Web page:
Four Barrel's Panama Duncan Estate

A nearly thoroughly enjoyed bag of Panama Duncan Estate

I tend to like to make connections with flavors between coffees. Like a venn diagram of flavors and aromas. There are many intersections between coffees. Some might share an earthy character but be different in all other respects or two coffees might share a majority of flavors and differ in but a few. Comparisons, I have learned, are the key to tasting. We are always using metaphors when tasting, weather that be the lemony citrus of some Ethiopian coffees or the earthiness of Indonesians.

And so it goes with the Panama Duncan Estate I picked up from Four Barrel ((This is a link to Four Barrel’s retail page and to what appears to possibly be a different coffee. While my bag simply says “Panama Duncan Estate”, Four Barrel is calling this one “Panama Duncan Estate Reserve”. Not sure of the difference.)). This Panama had the sort of prominent tanginess I have come to associate with the coffees of El Salvador. The difference, to my palette was that the tang veered closer to the savory than the sweet. Where the tang of an El Sal might remind me of a light fruit punch or jamaica agua fresca or the chewable orange flavored vitamin C tablets I used to eat like candy as a kid, this Panama  had less of the light fruit characteristics I have tasted in many El Salvadorian coffees and more richness (the marzipan notes of the grounds notwithstanding). That richness brought its sweetness closer in character to its savory notes and made me think of Hawaiian style pizza or a delicious pasta sauce made with the ripest of tomatoes. In the cup it was sweet like ripe tomatoes or other, more developed sugars like caramel. In the fragrance of the grounds it was marzipan, honey and butterscotch.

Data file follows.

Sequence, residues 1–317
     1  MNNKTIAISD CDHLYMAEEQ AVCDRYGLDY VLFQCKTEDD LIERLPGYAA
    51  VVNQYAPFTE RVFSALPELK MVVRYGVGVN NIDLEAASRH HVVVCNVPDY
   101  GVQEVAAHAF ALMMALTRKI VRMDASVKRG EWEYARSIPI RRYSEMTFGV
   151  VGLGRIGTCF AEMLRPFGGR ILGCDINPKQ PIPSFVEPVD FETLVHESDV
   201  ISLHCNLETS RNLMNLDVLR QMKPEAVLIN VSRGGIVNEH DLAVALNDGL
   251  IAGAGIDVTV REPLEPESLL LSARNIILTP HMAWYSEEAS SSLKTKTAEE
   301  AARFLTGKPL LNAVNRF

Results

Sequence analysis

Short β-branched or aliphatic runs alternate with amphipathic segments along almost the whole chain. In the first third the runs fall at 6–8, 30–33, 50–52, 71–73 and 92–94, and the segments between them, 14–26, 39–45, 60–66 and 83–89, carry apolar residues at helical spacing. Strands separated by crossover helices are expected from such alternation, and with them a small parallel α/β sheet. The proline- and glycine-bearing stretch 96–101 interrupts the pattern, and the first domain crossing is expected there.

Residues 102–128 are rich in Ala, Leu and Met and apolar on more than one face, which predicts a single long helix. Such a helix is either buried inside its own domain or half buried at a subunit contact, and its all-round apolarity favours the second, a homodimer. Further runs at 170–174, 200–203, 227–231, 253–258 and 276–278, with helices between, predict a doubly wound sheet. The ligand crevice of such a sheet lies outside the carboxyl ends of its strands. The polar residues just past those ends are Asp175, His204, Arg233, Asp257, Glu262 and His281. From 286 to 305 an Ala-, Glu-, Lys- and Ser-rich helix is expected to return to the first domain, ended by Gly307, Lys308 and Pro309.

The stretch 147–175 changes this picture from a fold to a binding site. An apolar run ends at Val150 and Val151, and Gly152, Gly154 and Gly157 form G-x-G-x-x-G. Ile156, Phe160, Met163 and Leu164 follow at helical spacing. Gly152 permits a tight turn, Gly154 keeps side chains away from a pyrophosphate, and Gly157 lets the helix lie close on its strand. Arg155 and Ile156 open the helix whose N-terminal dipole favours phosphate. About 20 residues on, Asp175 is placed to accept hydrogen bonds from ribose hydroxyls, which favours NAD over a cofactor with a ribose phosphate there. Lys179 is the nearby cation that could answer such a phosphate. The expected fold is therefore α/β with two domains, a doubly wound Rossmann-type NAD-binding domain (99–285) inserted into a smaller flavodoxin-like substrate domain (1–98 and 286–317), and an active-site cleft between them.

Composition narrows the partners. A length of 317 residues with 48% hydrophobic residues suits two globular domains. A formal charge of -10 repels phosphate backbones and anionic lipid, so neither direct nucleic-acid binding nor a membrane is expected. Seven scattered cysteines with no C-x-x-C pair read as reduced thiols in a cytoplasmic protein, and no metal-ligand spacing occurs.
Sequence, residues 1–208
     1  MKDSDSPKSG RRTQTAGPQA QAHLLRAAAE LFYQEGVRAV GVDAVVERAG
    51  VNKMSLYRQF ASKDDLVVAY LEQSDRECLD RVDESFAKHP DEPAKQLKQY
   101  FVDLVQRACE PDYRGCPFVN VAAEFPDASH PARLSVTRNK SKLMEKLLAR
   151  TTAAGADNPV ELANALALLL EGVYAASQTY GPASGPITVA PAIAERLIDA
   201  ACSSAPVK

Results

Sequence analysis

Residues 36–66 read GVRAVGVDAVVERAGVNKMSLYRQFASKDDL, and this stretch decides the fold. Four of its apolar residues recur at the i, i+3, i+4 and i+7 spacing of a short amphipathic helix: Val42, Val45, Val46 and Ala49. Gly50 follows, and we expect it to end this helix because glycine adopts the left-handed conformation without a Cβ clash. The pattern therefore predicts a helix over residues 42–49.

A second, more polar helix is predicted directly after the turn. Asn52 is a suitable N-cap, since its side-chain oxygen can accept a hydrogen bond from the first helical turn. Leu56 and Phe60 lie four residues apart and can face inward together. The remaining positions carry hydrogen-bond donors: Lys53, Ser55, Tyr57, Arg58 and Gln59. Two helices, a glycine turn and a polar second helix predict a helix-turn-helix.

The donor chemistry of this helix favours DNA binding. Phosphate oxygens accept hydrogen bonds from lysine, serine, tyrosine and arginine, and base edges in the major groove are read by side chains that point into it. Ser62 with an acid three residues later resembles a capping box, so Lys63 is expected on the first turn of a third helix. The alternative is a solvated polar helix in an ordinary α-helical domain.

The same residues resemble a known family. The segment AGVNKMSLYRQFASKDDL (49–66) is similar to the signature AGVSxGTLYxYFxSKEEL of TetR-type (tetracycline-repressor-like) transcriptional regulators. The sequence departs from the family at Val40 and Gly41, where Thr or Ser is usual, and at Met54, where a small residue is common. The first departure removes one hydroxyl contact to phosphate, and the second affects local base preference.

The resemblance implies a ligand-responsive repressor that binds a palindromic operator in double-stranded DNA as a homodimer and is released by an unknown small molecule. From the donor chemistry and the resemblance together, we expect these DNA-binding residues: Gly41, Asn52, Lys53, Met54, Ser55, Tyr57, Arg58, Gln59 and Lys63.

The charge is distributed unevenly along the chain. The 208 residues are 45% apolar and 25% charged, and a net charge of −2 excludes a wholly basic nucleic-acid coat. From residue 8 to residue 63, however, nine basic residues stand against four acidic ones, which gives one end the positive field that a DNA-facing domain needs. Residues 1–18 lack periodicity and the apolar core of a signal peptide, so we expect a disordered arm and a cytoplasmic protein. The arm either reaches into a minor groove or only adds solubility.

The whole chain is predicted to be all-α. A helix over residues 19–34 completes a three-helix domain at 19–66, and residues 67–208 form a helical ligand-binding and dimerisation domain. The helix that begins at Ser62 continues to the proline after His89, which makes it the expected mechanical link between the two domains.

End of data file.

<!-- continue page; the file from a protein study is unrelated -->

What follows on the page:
Its savory side reminded me of the herbs (and here we go again with the tomato sauce references – call a spade a spade) I put in my spaghetti sauce – thyme, rosemary, marjoram – but all together, integrated, a single savory hit to the palette.

The acidity had some of the ripe tomato, the aroma was the savoriness, the body was the sweetness. The mouthfeel sat in the middle: not watery thin and not exceedingly syrupy.

The method

I have been playing with my new Hario V60 and like it very much. It’s like a responsive sports car. Any slight change in technique or brewing parameter is almost always immediately evident in the finished product.

For this Panama I settled on a fairly fine grind. A couple steps finer than what I would normally use for a cone drip or a Clever. The water, each time, was :30 off the boil. 32g of coffee to 425g of water. 50g of water to start the bloom and, after :30 more, using a slow and measured pour and never filling the cone more than 3/4 of the way up, I was able to get a 2:30 extraction time.


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